SOLAR: Another major solar company is taking operations— and hundreds of jobs — out of Nevada after the state made changes to net metering policies. Earlier this week, its rival company announced more than 500 jobs would be leaving. (Reuters)

 A proposed amendment to the Florida Constitution backed by utilities that effectively blocks rooftop solar appears to have enough signatures to get on the November ballot. (Utility Dive)
While community solar appears to have widespread support, experts are unclear about the model’s future. (Utility Dive)
• Analysts now see strong industry growth into the 2020s with the extension of federal tax credits. (Utility Dive)

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• EPA Administrator Gina McCarthy says 2016 “is not an opportunity to relax,” adding that the administration seeks to lock in more climate efforts this year. (Washington Post)
Recent reports suggest Ohio may be ill-prepared for dealing with climate change impacts. (Midwest Energy News)

• The amount of coal generation in the Southwest Power Pool has dropped 10 percent in the past two years, displaced largely by wind and natural gas. (Utility Dive)
• Exports from Virginia dropped 34.8 percent from 2014 and are at the lowest point since 2007 due to declining prices. (Platts)
Coal companies ask a court to block implementation of miners’ protections against respirable coal dust. (SNL)

CLEAN POWER PLAN: The EPA is confident that the landmark federal rules will withstand a legal challenge. (The Hill)

POLITICS: Experts say New Hampshire voters are more likely than ever to select a presidential candidate who believes climate change is a hoax. (ClimateWire)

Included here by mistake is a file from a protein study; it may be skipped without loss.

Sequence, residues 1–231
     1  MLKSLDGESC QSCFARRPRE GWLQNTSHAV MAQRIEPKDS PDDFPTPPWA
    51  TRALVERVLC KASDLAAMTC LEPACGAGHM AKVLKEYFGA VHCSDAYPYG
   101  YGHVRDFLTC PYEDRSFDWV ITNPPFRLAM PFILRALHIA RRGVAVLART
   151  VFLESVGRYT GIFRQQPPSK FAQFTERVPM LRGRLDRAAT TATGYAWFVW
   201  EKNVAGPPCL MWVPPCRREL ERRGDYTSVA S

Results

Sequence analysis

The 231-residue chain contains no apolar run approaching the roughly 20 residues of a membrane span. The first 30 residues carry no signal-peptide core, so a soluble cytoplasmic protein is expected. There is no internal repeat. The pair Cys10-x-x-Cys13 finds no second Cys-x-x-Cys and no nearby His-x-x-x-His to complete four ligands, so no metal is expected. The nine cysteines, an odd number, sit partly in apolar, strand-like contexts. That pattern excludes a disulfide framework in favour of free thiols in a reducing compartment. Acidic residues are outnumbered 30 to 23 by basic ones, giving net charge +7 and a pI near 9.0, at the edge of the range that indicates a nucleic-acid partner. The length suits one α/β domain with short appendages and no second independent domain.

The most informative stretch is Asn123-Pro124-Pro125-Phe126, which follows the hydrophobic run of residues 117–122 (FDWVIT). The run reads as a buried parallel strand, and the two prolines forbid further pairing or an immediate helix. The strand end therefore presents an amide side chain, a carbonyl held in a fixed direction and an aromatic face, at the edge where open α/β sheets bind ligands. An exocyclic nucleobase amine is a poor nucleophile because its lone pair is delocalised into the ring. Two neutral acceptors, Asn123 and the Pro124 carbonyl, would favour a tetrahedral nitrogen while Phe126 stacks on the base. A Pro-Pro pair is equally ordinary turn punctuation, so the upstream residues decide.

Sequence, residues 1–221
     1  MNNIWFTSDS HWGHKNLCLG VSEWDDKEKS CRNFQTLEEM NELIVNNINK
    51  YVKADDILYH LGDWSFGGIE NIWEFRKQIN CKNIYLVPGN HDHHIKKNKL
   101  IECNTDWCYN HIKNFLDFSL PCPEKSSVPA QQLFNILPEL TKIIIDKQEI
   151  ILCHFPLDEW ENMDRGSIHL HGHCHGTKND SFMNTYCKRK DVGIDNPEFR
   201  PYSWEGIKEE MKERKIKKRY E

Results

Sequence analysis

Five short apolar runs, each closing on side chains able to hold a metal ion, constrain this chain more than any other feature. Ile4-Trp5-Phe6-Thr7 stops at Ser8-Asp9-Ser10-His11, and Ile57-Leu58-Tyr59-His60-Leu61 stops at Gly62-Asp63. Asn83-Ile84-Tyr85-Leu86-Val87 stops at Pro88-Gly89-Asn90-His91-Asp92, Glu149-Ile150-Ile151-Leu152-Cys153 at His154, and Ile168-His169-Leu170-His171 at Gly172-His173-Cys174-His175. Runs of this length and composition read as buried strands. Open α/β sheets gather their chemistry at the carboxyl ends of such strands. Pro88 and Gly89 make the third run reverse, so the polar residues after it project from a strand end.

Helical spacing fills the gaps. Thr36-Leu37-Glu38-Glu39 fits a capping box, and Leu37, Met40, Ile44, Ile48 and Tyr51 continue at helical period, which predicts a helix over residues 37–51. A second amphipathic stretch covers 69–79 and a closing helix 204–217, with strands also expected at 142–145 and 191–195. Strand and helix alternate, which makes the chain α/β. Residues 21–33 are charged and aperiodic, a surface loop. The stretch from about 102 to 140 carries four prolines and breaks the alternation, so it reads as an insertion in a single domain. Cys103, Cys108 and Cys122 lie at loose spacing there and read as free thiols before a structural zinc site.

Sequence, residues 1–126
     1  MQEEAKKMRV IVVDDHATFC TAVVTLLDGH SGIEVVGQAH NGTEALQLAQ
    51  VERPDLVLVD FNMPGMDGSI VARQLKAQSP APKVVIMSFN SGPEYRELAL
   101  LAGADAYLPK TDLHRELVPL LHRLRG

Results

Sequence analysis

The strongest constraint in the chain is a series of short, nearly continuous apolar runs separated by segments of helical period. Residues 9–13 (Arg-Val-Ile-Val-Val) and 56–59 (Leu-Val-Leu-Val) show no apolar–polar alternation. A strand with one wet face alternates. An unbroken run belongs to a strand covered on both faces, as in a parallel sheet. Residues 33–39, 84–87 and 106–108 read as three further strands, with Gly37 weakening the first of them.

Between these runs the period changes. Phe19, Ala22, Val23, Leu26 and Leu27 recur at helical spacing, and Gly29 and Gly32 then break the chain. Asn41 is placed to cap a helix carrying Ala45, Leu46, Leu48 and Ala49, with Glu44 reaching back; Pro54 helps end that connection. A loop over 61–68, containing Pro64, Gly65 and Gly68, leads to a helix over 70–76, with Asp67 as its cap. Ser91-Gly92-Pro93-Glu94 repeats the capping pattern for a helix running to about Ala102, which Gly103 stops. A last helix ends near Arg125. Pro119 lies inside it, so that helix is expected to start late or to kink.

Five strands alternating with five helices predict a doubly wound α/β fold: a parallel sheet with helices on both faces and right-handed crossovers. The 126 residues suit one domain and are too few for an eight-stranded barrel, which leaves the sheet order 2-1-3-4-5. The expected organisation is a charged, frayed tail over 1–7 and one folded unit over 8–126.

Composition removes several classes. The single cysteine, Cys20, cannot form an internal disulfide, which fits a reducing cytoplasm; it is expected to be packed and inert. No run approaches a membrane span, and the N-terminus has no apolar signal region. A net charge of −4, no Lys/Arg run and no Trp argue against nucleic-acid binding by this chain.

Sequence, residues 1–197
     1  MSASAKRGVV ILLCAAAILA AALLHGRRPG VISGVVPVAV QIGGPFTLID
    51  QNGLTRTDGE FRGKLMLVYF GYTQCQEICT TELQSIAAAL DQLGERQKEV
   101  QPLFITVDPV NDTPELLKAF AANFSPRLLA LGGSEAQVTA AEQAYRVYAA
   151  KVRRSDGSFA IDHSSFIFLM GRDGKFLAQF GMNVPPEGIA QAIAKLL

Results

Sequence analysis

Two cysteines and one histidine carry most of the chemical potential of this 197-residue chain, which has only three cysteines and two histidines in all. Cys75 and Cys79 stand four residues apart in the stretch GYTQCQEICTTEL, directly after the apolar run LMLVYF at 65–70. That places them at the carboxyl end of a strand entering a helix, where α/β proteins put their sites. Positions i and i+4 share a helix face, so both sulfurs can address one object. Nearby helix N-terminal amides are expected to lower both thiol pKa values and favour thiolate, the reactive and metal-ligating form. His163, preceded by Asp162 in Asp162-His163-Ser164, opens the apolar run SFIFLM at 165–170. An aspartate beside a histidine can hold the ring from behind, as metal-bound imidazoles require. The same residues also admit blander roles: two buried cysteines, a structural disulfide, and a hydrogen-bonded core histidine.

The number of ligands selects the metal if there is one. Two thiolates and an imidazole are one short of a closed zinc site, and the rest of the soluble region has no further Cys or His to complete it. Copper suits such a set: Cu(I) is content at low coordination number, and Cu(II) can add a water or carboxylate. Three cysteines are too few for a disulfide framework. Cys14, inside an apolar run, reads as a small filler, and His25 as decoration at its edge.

HYDRO: Major hydroelectric dams are being built in developing countries with little consideration for the climate and biodiversity impacts. (Climate Central)

• With two of the largest earthquakes in recent years happening in Oklahoma this week, experts are concerned it’s a sign of larger ones to come. (New York Times)
Members of the U.S. EPA’s Science Advisory Board are raising questions about a department report on fracking from last year, calling its findings ambiguous and in need of clarification. (Bloomberg)

TRANSMISSION: Vermont regulators approve siting for a new $1.2 billion transmission line to bring wind and hydroelectric power from Canada to the Northeast. (Greentech Media)

BIOFUELS: The U.S. Navy is set to launch a fleet of ships that will be supported by more than 77 million gallons of a non-food biofuel blend. (Biofuels Digest)

KEYSTONE XL: Legal experts say TransCanada may have a decent chance at winning one or both lawsuits against the Obama administration for rejecting the Keystone XL project. (Greenwire)

• The methane leak from a natural gas storage site in California has so far cost the utility $50 million. (Associated Press)
• ConocoPhillips has made major reductions in methane emissions in New Mexico in recent years even as production continued to climb. (EnergyWire)

NUCLEAR: Wisconsin lawmakers are expected to vote on a bill next week to lift the state’s moratorium on new nuclear plants. (Associated Press)

RENEWABLES: There is consensus within the wind and solar industries that further tax-credit extensions are unlikely after the current ones are phased out. (Forbes)

BIOMASS: Maine’s logging industry is concerned that up to 2,500 jobs could be lost after a company announces two biomass plants will close in March. (Portland Press Herald)

CORRECTION: An item in Tuesday’s digest misstated the year a coalition aims to eliminate the sale of gasoline cars. The year is 2050, not 2015.

Andy compiles the Midwest Energy News digest and was a journalism fellow for Midwest Energy News from 2014-2020. He is managing editor of MiBiz in Grand Rapids, Michigan, and was formerly a reporter and editor at City Pulse, Lansing’s alternative newsweekly.

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